What follows is a journey in which Ben and Evie help each other move forward in their radically different lives, as Ben is forced to confront how he was brought up and who he wants to be."
Some characters of Driving Lesson can be very cynical, but this is a really honest movie. Through every thing that happens in Ben’s life since he meets Evie, we can see how people can live a life of blindness. This strange relation they develop is so pure and even better in a viewer perspective because of poetry (literally) that connects them. On the other hand, we can see a typical british family, and the hypocrisy that sometimes a life devoted to church can bring to a house.
This movie has all the characteristics of an independent movie: not a really fantastic story, but a story told in a fantastic way. Great supporting characters and an end, that is not happy, but it causes you a smile in the face. Simple, but good.
To finalise, I’d like to stand my favourite scene, the one that shows all the essence of the movie. When Ben and Evie start to perform Shakespeare plays in the garden, we can observe the transformation in the teenager behaviour, by the way he allowed himself to be authentic by the first time in his life. This sequence, which plays with Shakespeare’s dialogues through images, has a large combination of camera perspectives and a very original editing. It ends with the two of them, lying on the floor laughing, like if only through the poetry and drama, they can achieve true happiness.

Monday, November 10, 2008

Sans Soleil, Sans Magique

I saw Sans Soleil today, a documentary from the director Chris Marker. The movie is a meditation about memory and shows images from countries like Japan and Guinea, while a woman reads a letter supposedly sent by a cameraman to her. I didn’t like the movie, but I have to admit that I did enjoy some parts. Although I don't agree with some things that are said, the text is very beautiful and results very well with the images. I liked all the references to animals, "each year death takes a panda as dragons do young girls in fairy tales", and I appreciate very much the commentaries and images on Hitchcock's Vertigo.

In a global evaluation I didn't liked the movie mainly because of the editing. I didn't like the long cuts and the black raccord, neither the close-ups of really violent images coming from nowhere. I believe that most of them are random and pointless.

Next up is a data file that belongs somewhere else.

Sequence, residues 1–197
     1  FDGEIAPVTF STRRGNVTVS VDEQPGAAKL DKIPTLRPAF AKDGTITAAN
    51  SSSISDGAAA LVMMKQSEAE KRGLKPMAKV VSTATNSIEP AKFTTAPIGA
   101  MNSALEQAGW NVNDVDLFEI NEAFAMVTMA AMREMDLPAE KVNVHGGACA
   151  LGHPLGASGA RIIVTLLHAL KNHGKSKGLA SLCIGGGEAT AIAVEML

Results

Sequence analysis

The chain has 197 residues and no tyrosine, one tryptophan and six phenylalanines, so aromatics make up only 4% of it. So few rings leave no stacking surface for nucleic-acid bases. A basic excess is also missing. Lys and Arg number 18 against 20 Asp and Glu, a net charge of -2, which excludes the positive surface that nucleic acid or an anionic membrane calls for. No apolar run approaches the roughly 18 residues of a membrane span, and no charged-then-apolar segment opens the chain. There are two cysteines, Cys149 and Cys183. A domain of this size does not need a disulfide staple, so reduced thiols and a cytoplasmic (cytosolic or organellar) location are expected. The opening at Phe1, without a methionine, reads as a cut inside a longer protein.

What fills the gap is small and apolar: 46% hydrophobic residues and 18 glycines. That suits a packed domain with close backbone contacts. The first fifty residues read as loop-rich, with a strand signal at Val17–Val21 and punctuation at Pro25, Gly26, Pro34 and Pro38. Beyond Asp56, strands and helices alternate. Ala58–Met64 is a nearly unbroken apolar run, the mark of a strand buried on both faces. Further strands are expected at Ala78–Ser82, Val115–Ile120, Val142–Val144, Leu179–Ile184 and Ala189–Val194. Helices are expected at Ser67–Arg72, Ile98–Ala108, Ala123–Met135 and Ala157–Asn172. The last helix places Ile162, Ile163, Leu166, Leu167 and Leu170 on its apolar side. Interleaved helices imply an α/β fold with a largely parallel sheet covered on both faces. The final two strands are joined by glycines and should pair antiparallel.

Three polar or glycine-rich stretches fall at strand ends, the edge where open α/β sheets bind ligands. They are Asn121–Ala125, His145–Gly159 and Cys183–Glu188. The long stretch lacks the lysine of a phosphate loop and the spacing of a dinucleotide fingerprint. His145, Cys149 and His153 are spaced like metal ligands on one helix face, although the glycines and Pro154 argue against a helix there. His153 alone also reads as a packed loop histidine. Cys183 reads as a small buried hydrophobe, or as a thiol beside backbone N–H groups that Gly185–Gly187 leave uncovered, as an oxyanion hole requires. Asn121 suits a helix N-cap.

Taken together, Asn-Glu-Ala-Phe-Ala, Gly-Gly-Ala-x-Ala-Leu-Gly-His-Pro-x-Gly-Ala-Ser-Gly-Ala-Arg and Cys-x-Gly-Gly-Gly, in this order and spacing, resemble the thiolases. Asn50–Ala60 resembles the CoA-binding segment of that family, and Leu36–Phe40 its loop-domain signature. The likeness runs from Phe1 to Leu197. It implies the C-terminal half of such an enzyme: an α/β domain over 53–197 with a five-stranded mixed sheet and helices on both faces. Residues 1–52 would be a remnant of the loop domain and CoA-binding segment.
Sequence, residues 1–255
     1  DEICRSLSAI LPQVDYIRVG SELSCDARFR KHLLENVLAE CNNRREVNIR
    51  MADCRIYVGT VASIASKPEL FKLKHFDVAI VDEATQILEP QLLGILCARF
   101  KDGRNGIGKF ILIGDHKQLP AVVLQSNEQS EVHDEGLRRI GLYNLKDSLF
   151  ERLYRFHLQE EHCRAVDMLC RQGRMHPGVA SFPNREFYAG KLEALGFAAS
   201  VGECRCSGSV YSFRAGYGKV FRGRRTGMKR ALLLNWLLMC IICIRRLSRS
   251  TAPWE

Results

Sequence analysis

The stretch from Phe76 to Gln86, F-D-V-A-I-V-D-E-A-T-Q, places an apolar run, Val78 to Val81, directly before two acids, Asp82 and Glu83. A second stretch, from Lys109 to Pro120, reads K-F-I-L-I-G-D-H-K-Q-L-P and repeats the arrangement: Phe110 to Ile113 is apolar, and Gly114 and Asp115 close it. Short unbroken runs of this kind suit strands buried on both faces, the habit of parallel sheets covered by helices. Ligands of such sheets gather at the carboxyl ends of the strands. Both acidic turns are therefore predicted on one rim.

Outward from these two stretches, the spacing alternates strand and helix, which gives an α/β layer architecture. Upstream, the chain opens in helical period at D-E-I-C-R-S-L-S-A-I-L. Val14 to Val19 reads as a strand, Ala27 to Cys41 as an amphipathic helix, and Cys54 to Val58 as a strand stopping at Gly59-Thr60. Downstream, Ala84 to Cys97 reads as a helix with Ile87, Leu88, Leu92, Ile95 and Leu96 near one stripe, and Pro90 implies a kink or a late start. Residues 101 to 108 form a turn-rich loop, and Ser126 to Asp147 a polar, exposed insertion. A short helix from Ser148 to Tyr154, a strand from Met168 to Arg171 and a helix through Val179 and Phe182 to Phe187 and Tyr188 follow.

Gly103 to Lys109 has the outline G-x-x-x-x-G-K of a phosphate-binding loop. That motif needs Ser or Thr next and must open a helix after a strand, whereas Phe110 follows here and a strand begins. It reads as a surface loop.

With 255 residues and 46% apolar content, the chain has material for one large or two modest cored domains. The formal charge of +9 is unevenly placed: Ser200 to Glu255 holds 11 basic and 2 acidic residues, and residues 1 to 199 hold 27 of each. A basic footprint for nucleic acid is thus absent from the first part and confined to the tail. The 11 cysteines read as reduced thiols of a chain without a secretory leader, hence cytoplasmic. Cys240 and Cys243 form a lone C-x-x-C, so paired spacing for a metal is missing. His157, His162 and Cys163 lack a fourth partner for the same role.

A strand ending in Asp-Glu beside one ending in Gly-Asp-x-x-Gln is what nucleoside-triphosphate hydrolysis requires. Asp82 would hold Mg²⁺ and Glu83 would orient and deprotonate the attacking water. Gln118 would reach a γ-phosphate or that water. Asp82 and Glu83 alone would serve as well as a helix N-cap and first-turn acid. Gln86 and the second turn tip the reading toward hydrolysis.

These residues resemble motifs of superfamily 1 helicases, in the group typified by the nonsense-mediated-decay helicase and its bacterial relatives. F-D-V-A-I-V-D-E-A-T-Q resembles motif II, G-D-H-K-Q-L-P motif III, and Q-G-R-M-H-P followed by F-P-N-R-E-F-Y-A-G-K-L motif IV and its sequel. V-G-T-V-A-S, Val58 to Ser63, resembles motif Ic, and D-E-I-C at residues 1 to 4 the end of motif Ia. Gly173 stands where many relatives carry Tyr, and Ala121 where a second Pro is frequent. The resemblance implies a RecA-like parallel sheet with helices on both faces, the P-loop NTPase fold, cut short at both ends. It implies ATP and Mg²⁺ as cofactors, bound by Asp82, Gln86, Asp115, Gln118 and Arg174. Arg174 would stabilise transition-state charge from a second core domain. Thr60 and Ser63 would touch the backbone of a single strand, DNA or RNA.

This need from the director to shock the viewers, takes me to my main point about this movie. Although the theme is the memory and the human nature, I believe the plot has a very strong politic message. I don't mind that movies work as political propaganda, but I require that they are clear about it. My father fought in the colonial war in Guinea, and like many others, he was forced to be there. What the movie says about portuguese soldiers, and the sequence of images that connects the war in Guinea to the heartless killing of animals, just upset me very much.

You can read the film narration in english in here.

PS- I saw the movie with english narration, when the original is french. Focusing on Julia Kristeva's ideas about translation, I think the movie looses a lot. You don't need to go further the title to understand this: Sans Soleil sounds much more appropriate that Sunless...

Sunday, November 9, 2008

Of Time and the City

Last Thursday I saw the documentary Of Time and the City from the director Terrence Davies. The movie shows images of old and new Liverpool while the director tells stories of his growing up in that context. For me the movie was like a movie-concert. His strong, enigmatic voice, combined with the excellent soundtrack, works like a melody…. What happened to me in this movie was a rare phenomenon that only exists when the movies have a strong poetic message in the text or in the images… I just started to fly into my conscious… I was there, but at the same time I was in many different places… Like Terrence Davies, I visited places of my childhood, I remembered my nights out with my friends and the most important thing: trough the images of children and elders I met with the people I love…
This phenomenon can be understood as a barrier to a total perception of the movie, but in my perspective: it were the “flying away moments” that made the movie such a good experience to me… That’s why I liked it so much…

Question of the day:

Most of the images used in Of Time and the City are archive footages. Understanding that the shooting is a very important part of a director’s vision; can movies like this be catalogue as a different type of documentary?